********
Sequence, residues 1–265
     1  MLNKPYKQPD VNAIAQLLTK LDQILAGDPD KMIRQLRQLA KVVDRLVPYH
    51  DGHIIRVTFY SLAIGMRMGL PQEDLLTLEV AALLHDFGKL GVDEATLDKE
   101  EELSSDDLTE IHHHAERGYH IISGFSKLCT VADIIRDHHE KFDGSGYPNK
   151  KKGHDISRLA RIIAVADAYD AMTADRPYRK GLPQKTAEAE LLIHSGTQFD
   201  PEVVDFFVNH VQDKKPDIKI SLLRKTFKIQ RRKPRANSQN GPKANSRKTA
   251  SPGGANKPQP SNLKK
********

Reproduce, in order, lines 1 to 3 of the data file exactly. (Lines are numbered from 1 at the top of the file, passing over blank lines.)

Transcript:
Sequence, residues 1–265
     1  MLNKPYKQPD VNAIAQLLTK LDQILAGDPD KMIRQLRQLA KVVDRLVPYH
    51  DGHIIRVTFY SLAIGMRMGL PQEDLLTLEV AALLHDFGKL GVDEATLDKE